Some things often overlooked include maximizing deductions for work-related opportunities. For example, contributions to your employer’s 401(K) retirement plan; pre-tax dollars applied to a flexible spending account (FSA) to supplement medical care and/or Health Savings Accounts (HAS).


2015 11 02


Be Well-timed

Timing is not just important, it may be everything when it comes to matching income and expenses to maximize tax deductions and thereby generate savings. Some examples of tax saving opportunities include:

Tax loss harvesting is a strategy to offset capital gains taxes by selling a losing security and applying the loss to offset investment gains.

Bunch itemized deductions to exceed minimum percentages of your adjusted gross income to qualify for 2015 tax deductions. Examples include scheduling costly non-urgent medical procedures in a single year to exceed the 10 percent floor for medical expense deductions.

Defer Income/Accelerate Deductions such as consulting or self-employment income; and pre-pay state and local income taxes, interest payments and real estate taxes to drive deductions.

Look ahead to anticipate events in 2016 that may affect your tax status, e.g. drawing down income from a retirement account, sale of an asset or starting a new business. If so, bring that to the attention of your tax-preparer to help with any pre-event planning that may lower your tax bill.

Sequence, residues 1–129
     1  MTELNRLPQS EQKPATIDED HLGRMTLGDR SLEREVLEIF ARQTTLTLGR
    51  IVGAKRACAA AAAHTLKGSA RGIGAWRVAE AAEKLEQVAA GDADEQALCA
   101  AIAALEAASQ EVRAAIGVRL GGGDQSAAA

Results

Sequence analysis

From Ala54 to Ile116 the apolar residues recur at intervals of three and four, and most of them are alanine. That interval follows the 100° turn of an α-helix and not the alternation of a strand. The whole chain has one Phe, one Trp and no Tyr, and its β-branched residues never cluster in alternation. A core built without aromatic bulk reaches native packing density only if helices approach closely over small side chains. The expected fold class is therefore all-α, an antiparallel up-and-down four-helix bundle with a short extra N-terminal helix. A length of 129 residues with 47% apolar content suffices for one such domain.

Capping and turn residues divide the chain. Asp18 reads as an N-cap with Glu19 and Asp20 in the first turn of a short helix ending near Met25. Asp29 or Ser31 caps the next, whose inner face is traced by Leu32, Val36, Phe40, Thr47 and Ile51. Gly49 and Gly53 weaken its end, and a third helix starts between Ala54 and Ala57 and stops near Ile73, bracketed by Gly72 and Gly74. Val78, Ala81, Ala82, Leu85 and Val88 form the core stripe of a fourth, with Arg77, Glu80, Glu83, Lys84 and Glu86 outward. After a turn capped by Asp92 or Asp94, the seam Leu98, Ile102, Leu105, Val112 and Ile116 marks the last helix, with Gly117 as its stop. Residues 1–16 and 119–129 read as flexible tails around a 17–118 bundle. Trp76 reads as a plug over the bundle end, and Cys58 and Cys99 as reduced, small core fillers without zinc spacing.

There are others, but these will give you an occasion to initiate a dialogue with your tax advisor to uncover additional or alternate opportunities.


2015 11 03


Be Sprightly

The state of tax extenders legislation in Congress remains uncertain. However, while there are no guarantees, many experts expect Congress to revive key tax breaks retroactive to January 1, 2015. That is consistent with what happened last year with the extenders signed into law in late December. So, we’ll see.

While caution is the operative word, it is equally critical to remain nimble enough to benefit from a positive extender extension vote that may butt up against year-end deadlines. At stake are significant business issues such as extension of Section 179 expensing which is anticipated to be extended to $500,000 from its current $25,000 limit. That means major consequences as it relates to capital investment, deductions and depreciation.

On an individual level, some of the extenders that remain up in the air include teachers to receive up to a $250 deduction for classroom expenses and tuition expense deductions for students and parents.

Back to being nimble … it is important to have a game-plan in place to move on tax saving opportunities that may require rapid decision-making and execution. At this time of year, that means being in a position to have nearly minute-to-minute expert guidance and direction from a tax professional.


Admittedly, many tax issues remain ill-defined and subject to last-minute volatility. That makes the 2015 tax year one that is particularly critical to enlist the counsel of a capable accountant. It is accounting professionals’ responsibility to keep track of all the changes in rules and regulations to maximize your deductions, minimize your tax liability and conform to appropriate reporting forms and deadlines.